B.C. looks to tweak legislation governing civilian police watchdog service
The B.C. government has proposed two changes to the Police Act meant to address concerns with the province’s civilian police watchdog, the Independent Investigations Office (IIO).
The proposal comes amid growing concerns about the amount of trained civilian investigators and efficiency in the IIO’s investigations.
The first amendment plans to temporarily reduce hiring restrictions for two years, while the IIO continues to develop a civilian oversight investigative officer training program, the-first ever training and certification program of its kind in Canada.
Under the Police Act the current hiring regulations prevent the IIO from adding an investigator who was a member of the B.C. police force five years prior.
The province says the change would increase the number of IIO investigators, while maintaining the balance of investigators with civilian and policing backgrounds.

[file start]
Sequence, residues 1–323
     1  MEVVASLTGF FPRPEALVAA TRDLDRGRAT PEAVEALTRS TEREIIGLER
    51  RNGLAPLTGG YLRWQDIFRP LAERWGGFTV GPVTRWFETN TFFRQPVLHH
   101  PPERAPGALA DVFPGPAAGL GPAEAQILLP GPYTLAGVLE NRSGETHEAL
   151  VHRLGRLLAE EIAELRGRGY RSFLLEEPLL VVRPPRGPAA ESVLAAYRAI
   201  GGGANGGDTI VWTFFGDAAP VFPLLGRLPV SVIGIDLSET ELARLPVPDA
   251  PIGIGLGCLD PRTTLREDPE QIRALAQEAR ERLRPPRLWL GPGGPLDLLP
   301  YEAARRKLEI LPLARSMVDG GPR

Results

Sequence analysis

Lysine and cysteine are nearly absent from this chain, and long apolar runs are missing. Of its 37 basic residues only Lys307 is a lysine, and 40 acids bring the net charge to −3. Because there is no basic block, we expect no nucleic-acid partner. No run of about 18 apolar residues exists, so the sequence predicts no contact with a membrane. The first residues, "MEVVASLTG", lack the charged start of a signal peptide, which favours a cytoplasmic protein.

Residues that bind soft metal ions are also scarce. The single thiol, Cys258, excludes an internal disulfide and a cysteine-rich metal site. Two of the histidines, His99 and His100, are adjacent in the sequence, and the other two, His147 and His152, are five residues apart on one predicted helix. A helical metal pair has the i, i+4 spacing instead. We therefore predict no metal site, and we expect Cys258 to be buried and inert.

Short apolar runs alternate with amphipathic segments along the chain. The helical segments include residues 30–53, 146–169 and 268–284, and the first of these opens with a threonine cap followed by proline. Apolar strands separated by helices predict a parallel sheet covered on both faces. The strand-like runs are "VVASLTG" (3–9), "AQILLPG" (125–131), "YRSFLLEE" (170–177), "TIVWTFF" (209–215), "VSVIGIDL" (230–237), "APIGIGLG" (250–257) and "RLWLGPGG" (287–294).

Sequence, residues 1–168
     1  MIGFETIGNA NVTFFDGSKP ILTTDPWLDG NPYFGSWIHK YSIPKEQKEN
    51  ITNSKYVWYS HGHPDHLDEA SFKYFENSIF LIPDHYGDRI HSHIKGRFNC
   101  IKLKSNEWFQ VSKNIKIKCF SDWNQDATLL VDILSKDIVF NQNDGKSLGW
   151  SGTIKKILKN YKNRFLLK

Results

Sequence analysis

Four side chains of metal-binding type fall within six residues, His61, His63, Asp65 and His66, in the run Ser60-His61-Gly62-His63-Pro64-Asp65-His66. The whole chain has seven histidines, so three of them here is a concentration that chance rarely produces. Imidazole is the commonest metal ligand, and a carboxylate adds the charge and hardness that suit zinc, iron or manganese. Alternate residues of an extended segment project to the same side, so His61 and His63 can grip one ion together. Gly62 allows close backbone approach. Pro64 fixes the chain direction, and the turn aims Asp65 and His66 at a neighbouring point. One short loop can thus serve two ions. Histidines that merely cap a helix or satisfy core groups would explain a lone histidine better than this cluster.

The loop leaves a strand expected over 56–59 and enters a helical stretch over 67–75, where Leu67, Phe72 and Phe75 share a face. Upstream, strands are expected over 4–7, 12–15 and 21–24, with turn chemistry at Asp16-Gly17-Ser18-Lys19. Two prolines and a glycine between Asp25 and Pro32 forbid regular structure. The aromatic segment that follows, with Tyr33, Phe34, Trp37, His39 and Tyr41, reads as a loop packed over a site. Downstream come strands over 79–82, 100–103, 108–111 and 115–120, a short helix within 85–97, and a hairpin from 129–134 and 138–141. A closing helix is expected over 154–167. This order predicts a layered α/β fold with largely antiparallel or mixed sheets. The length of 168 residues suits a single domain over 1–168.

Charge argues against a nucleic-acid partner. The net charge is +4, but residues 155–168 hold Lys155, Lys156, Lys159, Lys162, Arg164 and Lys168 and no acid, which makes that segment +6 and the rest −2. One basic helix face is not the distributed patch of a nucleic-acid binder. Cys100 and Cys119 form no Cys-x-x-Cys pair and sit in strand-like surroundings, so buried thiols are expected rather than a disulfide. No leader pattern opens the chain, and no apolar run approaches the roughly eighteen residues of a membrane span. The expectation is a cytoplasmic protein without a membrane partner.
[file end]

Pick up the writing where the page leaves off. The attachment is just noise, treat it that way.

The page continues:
“Our goal is to preserve the long-term civilianization of oversight of police in B.C., while recognizing that the IIO has had difficulty identifying a sufficient pool of adequately trained and experienced candidates to hire as investigators,” said David Eby, Attorney General in a media release.
“Once fully implemented, the planned training program for civilian investigators will help solve this problem down the road. However, British Columbians immediately need the IIO to complete timely, comprehensive and high-quality investigations on extremely sensitive matters.”
The second proposed amendment will raise the IIO’s referral standard to Crown counsel, ensuring only cases with a reasonable likelihood of charge approval are fowarded, thus bringing it to the same standard used by police in B.C.
The IIO says this change will help timely completion of IIO investigations and eliminate unnecessary reviews by B.C.’s independent prosecution service.
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